Alabama coronavirus

Updated 2:46 p.m. ET

Louisiana has emerged as a hot spot for the spread of coronavirus, with nearly 2,305 cases of COVID-19 and 83 reported deaths.

"Our rate of growth is faster than any state in the country," Democratic Gov. John Bel Edwards said during a televised address this week.

He warns the crisis has overwhelmed Louisiana's ability to combat the spread of the disease, and care for the sick. And in contrast to neighboring states, Louisiana is imposing tight restrictions on movement and economic activity.

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Updated at 9 p.m.

The Alabama Department of Public Health and Governor Kay Ivey have confirmed Alabama's first COVID-19 related death. 

"We express our deepest sympathy to the family and loved ones of the patient who died, as well as to the families of everyone who has been affected by this outbreak," State Health Officer Dr. Scott Harris said. "The health of our residents and the community is our greatest priority, and we will continue working together to care for the patients, protect the safety of health care workers, and protect the people in our state."

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curfew
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Tuscaloosa mayor Walt Maddox announced Wednesday that the city will be under a curfew beginning Friday and lasting through April 3.

 

The curfew will last from 10 p.m. to 5 a.m., and there will be exemptions for those traveling to and from work or other essential tasks.

 

“Within a one-hour drive of city hall, one-third of the state’s coronavirus cases can be found in Jefferson County,” Maddox said. “Within Lee County, which closely mirrors Tuscaloosa County, we see some of the fastest-growing rates of COVID-19 cases in our state.”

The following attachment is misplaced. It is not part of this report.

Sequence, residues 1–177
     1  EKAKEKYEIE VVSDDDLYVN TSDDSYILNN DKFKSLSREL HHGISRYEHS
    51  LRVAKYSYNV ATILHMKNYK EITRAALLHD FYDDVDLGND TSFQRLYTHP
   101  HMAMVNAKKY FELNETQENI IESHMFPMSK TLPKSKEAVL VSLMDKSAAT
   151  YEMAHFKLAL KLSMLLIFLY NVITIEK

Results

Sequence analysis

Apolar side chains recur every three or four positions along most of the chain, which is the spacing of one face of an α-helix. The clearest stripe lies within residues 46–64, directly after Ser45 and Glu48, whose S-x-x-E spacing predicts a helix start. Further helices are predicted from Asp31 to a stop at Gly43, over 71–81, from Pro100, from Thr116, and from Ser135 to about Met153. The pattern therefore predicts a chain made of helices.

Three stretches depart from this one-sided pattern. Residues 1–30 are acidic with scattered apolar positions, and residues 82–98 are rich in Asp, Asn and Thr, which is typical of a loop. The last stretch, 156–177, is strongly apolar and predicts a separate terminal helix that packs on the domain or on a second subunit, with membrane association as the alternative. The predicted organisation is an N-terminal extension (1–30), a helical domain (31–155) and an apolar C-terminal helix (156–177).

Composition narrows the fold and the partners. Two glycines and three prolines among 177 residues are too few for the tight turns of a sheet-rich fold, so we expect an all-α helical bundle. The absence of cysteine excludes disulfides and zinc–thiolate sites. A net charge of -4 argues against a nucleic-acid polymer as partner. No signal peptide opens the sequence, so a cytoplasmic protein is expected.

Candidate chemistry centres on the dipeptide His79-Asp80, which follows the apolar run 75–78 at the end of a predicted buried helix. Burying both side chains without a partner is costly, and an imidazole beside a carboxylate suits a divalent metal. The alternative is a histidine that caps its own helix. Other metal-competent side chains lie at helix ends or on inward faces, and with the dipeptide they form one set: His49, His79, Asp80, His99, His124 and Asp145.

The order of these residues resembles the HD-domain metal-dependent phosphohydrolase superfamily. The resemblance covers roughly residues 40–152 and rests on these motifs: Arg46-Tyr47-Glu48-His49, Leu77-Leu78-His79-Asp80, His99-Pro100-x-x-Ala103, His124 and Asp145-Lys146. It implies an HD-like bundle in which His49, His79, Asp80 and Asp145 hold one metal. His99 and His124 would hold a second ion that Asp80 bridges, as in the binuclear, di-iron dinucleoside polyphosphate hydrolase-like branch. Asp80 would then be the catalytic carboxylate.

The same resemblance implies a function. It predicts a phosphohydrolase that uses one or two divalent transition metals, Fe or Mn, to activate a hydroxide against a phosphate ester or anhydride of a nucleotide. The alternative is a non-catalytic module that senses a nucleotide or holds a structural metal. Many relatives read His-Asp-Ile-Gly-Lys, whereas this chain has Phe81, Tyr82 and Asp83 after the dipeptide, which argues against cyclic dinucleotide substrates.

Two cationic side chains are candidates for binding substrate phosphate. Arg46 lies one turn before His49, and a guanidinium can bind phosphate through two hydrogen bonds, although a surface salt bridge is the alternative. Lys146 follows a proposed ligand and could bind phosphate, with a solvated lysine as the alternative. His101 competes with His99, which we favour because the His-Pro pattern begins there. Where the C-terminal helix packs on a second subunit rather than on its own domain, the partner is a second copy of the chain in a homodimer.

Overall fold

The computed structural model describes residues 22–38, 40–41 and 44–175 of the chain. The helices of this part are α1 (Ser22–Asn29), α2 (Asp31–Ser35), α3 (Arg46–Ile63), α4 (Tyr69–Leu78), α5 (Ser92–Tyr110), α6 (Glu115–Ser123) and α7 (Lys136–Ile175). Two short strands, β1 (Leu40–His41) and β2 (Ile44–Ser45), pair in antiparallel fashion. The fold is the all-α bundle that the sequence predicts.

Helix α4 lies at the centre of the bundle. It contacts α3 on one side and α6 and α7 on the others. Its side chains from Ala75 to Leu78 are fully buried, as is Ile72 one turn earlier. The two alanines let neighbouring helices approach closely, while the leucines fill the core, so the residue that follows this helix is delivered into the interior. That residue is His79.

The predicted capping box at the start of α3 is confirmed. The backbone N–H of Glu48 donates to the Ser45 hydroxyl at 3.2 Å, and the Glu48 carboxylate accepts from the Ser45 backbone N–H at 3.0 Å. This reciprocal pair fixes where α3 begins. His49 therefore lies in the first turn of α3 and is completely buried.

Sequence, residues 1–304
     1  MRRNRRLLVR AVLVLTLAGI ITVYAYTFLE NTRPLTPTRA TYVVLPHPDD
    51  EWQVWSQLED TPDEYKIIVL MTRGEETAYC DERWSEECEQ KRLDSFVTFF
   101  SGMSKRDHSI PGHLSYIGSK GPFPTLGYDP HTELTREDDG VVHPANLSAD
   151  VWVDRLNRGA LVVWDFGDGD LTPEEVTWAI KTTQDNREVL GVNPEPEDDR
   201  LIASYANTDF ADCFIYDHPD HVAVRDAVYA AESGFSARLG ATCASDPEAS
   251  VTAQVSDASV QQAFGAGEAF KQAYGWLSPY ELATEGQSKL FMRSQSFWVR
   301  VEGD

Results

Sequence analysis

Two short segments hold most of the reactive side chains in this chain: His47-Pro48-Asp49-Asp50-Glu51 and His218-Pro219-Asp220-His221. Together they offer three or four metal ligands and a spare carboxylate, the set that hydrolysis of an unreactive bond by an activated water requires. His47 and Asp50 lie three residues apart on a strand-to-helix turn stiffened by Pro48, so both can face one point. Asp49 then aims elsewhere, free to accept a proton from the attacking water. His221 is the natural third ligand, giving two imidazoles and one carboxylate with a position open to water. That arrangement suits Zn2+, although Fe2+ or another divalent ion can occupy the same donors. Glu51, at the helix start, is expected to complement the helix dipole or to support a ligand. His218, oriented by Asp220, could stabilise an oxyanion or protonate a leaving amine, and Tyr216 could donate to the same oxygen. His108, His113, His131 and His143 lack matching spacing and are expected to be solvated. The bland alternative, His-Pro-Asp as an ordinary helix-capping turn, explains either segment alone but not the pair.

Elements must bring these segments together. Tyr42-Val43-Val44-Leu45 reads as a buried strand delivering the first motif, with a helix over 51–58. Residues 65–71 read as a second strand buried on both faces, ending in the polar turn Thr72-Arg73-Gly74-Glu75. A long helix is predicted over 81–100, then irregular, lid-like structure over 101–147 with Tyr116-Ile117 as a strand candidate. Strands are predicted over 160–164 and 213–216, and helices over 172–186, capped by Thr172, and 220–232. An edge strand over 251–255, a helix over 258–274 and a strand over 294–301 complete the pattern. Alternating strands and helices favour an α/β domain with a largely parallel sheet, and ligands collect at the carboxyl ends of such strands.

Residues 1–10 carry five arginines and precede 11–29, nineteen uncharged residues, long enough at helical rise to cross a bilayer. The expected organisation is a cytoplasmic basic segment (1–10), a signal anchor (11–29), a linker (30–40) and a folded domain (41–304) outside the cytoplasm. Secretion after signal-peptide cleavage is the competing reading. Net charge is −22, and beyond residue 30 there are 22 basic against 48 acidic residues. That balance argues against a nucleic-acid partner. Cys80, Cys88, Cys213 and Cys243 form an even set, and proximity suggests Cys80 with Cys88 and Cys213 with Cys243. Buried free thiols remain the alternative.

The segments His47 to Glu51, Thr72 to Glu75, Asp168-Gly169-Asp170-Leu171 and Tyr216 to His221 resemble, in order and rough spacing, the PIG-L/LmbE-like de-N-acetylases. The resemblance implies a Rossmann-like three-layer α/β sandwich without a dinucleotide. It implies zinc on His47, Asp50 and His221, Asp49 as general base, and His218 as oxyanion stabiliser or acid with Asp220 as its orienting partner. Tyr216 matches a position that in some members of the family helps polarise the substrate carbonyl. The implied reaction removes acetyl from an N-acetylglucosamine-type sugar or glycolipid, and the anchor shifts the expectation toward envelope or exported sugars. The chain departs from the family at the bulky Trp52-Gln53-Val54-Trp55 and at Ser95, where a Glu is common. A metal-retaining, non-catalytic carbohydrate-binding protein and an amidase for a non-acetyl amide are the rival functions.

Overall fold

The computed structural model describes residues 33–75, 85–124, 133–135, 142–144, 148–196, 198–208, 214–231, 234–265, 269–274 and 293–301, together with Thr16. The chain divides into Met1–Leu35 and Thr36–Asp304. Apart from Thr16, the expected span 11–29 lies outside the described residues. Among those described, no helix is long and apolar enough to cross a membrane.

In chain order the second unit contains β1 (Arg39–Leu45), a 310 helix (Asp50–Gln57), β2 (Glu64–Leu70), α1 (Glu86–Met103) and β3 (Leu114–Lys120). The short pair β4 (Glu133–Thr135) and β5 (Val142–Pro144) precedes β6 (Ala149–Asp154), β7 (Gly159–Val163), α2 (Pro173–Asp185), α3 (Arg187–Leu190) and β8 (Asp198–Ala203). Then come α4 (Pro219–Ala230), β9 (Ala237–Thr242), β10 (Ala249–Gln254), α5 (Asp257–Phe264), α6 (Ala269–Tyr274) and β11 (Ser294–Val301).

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An APR News Feature

As the coronavirus pandemic continues, many in Alabama are worried about the economic impact. Those who work in the food or entertainment industries could feel the biggest pinch.

 

The number of confirmed COVID-19 cases continues to grow in Alabama. In response, businesses are being ordered to shut their doors, people are being told to stay home and restaurants are only offering deliver or curbside service.

 

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MONTGOMERY, Ala. (AP)-- Thousands of Alabamians are filing for unemployment benefits as the coronavirus pandemic causes workplaces to temporarily close or reduce operations.

The Alabama Department of Labor said nearly 17,000 people filed unemployment claims over two days. Most of the claims were listed as related to the COVID-19 outbreak.

Most were from the hospitality industry.

Alabama and other states have mandated closures to try to curb the spread of the coronavirus and avoid overwhelming hospitals.

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The number of coronavirus cases in Alabama has grows to close to 200 as testing becomes more widespread across the state, but in some places, medical supplies are running low. 

The University of Alabama in Birmingham is dealing with supply issues related to its new appointment based COVD-19 testing service. The system opened March 23. UAB’s’ Dr. Laura Kowalcyzk says concerns over the supplies of protective gear and testing swabs prompted an outpouring of support from the public.

 

MONTGOMERY, Ala. (AP) — The number of coronavirus cases in Alabama jumped to nearly 200 as health officials urged people to maintain social distancing and the governor extended the deadline for filing state income taxes until mid-summer. 

Alabama on Monday had at least 197 confirmed cases of coronavirus, of which 86 were in Jefferson County.

State Health Officer Scott Harris said getting supplies for testing is a continuing concern. 

Baldwin County braces for "spring break now, Coronavirus later"

Mar 19, 2020

An APR News Feature

EDITOR'S NOTE-- Governor Kay Ivey is ordering all Alabama beaches closed at 5 pm. today. This follows action by The City of Gulf Shores to close its beaches at 7 am tomorrow (Friday) until April 6th. Pat D

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